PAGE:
Mousepox

Mousepox

 

an infectious disease of white mice characterized by edema and gangrene; in some cases the extremities fall off. Mousepox occurs in Europe, Asia, and the United States. The causative agent is a DNA virus from the poxvirus group. The source of the causative agent is diseased white mice. The virus is excreted with pieces of skin, saliva, feces, and urine. Infection takes place through injured skin, the intestinal tract, and respiratory passages.

If the course of the disease is acute, the mice die with no visible symptoms within three to 14 days. Sometimes the skin of the legs, ears, tail, and eyelids is affected. If the course is chronic, the animals suffer edema and gangrene, the extremities fall off, and rounded stumps form. No effective treatment of the disease is known. Prevention involves checking the management of laboratory animals. If the disease occurs, all the animals of the infected group are destroyed.

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National Academies reports in 2004 and 2017 rejected export controls as a way to control dual-use research in the life sciences, such as the now-famous Australian study that gave rise to a lethal virus that causes mousepox. Whereas the malign uses of a 100% lethal poxvirus--such as smallpox, which killed half a billion people in the twentieth century--are clear, the military uses are less so.
Ectromelia virus (ECTV) is the causative agent of mousepox, a severe exanthematous disease of mice in laboratory colonies and has been reported worldwide in several outbreaks and causes high economic losses in biomedical research (6).
The contribution of the secreted type I IFN binding protein to virus virulence and immune evasion becomes evident in mouse models of VACV and ectromelia virus infection, where mutant viruses show an attenuated phenotype that is dramatic in the mousepox model [13, 23].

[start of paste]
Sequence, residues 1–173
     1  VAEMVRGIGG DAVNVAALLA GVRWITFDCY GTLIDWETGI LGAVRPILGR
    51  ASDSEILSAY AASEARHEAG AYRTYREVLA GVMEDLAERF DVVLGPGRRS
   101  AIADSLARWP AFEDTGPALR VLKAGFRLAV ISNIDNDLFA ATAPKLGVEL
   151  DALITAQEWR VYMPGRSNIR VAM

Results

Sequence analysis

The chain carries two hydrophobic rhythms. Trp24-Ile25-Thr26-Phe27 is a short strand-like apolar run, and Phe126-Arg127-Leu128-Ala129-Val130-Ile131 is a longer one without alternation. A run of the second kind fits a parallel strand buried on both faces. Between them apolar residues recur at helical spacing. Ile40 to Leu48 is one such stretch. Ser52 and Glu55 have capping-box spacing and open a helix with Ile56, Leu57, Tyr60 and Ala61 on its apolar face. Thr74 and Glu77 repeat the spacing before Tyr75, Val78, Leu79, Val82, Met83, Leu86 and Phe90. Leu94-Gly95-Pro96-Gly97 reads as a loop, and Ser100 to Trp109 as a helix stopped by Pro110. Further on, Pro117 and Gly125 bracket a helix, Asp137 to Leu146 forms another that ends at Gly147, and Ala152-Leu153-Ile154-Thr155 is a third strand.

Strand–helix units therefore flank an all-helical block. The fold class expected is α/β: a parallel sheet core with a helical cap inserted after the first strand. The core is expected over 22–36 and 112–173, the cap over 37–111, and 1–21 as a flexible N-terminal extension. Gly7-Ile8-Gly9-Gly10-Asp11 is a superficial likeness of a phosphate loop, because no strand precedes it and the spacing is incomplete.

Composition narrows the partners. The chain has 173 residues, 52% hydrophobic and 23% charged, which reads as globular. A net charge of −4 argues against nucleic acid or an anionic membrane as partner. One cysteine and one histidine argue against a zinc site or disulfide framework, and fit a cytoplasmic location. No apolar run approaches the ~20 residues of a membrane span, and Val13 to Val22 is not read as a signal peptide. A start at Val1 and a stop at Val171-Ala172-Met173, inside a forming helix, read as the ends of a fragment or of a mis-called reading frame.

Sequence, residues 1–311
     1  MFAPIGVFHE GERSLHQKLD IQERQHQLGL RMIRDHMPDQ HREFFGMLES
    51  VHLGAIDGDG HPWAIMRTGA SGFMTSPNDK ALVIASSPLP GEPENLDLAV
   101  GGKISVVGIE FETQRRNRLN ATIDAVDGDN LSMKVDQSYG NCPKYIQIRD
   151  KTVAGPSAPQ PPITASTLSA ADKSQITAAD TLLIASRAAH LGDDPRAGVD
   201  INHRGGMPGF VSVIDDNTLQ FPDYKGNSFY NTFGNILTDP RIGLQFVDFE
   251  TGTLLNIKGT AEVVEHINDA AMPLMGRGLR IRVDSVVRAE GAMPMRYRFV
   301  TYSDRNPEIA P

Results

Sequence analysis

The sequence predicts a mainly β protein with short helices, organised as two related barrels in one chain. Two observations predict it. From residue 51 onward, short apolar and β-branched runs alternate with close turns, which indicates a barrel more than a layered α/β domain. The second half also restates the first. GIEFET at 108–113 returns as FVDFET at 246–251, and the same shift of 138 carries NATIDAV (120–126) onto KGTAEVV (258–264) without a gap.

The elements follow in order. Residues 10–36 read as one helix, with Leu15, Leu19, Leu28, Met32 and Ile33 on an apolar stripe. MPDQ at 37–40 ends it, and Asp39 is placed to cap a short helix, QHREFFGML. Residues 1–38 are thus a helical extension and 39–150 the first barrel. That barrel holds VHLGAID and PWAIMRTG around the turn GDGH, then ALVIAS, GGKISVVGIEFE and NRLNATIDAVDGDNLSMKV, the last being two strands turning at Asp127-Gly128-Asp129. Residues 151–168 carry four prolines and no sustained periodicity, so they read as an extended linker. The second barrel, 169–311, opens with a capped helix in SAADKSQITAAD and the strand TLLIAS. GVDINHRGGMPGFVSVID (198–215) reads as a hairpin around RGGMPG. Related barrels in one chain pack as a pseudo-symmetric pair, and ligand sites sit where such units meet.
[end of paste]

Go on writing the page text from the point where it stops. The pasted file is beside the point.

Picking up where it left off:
Ramshaw, "Expression of Mouse Interleukin-4 by a Recombinant Ectromelia Virus Suppresses Cytolytic Lymphocyte Responses and Overcomes Genetic Resistance to Mousepox," Journal of Virology 75, no.
See Ronald J Jackson et al, "Expression of Mouse Interleukin-4 by a Recombinant Ectromelia Virus Suppresses Cytolytic Lymphocyte Responses and Overcomes Genetic Resistance to Mousepox" (2001) 75:3J Virology 1205.
One example of this lack of expertise is an article published in the Journal of Virology documenting the creation of a potent mousepox strain that killed mice normally resistant to the virus.
The Australian mousepox case highlights an important point: Other than warning of the dangers their discovery posed, there was little Jackson and Ramshaw could have done to make their concerns effective.
In the first study, researchers from Australia inserted the mouse IL-4 gene into the mousepox virus with the aim of sterilizing the mice as a means of pest control.
15 March 2010 - Denmark-based biotechnology company Bavarian Nordic A/S (CPH: BAVA) said today it has published additional data demonstrating that mice could be protected from a lethal infection with mousepox, a closely related virus to smallpox in man, by treating the animals with a single vaccination with IMVAMUNE three days after the animals had received the lethal infection.
One alarming example of such federally funded research reported in the October, 2003, issue of New Scientist, is the creation of "an extremely deadly form of mousepox, a relative of the smallpox virus, through genetic engineering."
Drawn from material presented at the Novartis Foundation Symposium entitled "Decoding the Genomic Control of Immune Reactions" held in Canberra in March 2006, this collection covers transcriptional regulatory networks in macrophages, molecular pathways and their role in human disease, specifying the patterns of immune cell migration, human monogenic disorders and their relationship with specific infections, the genetic control of susceptibility to a strain of tuberculosis, disorders resulting from defective LAT signalosomes, smallpox and mousepox, strategies for phenotype detection and subsequent mapping and cloning, genetic control of host-pathogen interactions, systems genetics, and regulation of the immune system.
In the first, Australian researchers found that a genetically engineered strain of mousepox killed mice that would have been resistant (because of natural immunity or vaccination) to ordinary strains of mousepox.